Amorpha canescens (lead plant) is a purple native flower called which is in the Fabaceae (bean) family.
The purple fuzzy flowers are arranged on 10 centimeter (4 inch) spikes at the end of the branches. Eight rust colored stamens with bright orange anthers are protected by the purple petals. While the flowers are unscented they are beautiful and will stay in bloom for 3 weeks in early summer.
Leaves are compound and about 10 inches long with as many as 50 small leaflets. Growing up to 3 feet tall and with stems that are slightly erect, lead plant can grow in part shade or full sun and prefers slightly dry to very dry soil. As it grows it will become more woody.
The genus Amorpha is a group of peas that are all native to North America; lead plant is native to the Midwest from Canada to Texas. It is hardy to USDA Zones 2-9. Lead plant as the common name originates from the fine white hairs that are more visible on mature leaves. New leaves are bright green. Designers use lead plant in borders, meadows, and wildflower gardens. It pairs well with Dalea Purpurea (purple prairie clover) and Eryngium yuccifolium (rattlesnake master).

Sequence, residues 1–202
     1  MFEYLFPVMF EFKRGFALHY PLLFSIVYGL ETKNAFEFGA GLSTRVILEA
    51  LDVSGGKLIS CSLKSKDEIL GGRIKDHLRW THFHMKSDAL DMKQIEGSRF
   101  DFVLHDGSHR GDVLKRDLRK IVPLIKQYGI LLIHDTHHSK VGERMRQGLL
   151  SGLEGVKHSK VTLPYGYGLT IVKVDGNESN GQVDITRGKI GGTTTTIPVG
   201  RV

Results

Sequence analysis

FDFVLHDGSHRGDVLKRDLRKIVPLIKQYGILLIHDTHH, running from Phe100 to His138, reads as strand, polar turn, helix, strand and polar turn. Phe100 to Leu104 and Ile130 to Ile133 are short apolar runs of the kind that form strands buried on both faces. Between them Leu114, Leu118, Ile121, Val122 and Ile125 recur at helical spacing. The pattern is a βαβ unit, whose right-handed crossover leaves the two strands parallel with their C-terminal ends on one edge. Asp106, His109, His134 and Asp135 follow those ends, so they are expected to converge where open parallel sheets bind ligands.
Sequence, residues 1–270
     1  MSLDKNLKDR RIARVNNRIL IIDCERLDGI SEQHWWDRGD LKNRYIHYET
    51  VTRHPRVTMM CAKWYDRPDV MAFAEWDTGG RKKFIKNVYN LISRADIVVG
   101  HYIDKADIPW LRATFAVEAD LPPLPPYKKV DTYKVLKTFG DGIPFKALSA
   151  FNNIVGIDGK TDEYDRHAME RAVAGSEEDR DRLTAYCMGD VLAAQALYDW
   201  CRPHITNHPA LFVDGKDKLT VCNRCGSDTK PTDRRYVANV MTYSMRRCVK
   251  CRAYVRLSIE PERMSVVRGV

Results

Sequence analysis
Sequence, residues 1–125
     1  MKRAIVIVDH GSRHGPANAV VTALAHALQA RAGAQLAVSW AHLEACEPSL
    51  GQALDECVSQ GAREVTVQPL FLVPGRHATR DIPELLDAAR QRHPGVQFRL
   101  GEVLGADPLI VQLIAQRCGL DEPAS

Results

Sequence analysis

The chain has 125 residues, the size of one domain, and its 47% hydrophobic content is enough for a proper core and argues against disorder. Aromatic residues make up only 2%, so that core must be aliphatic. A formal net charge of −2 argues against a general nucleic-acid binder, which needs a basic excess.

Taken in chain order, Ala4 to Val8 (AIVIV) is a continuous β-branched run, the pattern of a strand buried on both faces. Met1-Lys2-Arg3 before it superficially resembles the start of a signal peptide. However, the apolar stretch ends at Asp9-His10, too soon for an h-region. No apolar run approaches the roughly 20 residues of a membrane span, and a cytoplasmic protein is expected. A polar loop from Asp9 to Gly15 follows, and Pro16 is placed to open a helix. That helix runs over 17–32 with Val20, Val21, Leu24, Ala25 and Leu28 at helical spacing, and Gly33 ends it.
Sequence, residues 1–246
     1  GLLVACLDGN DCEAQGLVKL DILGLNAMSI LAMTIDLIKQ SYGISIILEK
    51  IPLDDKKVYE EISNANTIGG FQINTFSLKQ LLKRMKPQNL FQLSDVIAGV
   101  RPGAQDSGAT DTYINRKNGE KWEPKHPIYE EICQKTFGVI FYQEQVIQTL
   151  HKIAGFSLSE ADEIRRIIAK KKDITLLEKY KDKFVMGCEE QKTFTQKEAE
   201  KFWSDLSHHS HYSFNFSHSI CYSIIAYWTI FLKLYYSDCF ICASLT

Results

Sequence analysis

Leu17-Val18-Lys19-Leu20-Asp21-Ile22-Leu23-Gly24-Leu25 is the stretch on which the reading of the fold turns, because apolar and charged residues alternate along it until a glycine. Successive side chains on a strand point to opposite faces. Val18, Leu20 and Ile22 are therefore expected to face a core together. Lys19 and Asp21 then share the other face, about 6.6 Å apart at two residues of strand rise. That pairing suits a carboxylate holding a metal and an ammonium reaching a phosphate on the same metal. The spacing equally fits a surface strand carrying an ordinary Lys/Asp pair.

The roots are very deep and can grow more than 15 feet into the ground. This root system makes it very well adapted to surviving fires and drought. Being a bean this plant is nitrogen fixing and is often used in restoration projects.
|Botanical Name||Amorpha canescens|
|Common Name||lead plant|
|USDA Zone||2 to 9|
|Light Requirement||Full Sun|
|Season(s) of interest||Summer, Fall|
|Height and Spread||
2-3ft x 2-2.5ft
(60-90cm x 60-75cm)
|Flower Color||Blue, Purple|
|Additional Information||Native to the Chicago Region|
|Location in Lurie Garden||
Northeast Light Plate, Bird Border – Monroe